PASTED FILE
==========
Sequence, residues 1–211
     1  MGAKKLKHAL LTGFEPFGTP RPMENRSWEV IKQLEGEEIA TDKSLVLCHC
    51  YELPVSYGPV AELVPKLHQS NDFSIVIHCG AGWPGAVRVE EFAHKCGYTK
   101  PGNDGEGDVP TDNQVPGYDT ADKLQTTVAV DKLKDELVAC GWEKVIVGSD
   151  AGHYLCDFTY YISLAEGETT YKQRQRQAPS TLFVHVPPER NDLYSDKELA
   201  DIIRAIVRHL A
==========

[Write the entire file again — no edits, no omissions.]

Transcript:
Sequence, residues 1–211
     1  MGAKKLKHAL LTGFEPFGTP RPMENRSWEV IKQLEGEEIA TDKSLVLCHC
    51  YELPVSYGPV AELVPKLHQS NDFSIVIHCG AGWPGAVRVE EFAHKCGYTK
   101  PGNDGEGDVP TDNQVPGYDT ADKLQTTVAV DKLKDELVAC GWEKVIVGSD
   151  AGHYLCDFTY YISLAEGETT YKQRQRQAPS TLFVHVPPER NDLYSDKELA
   201  DIIRAIVRHL A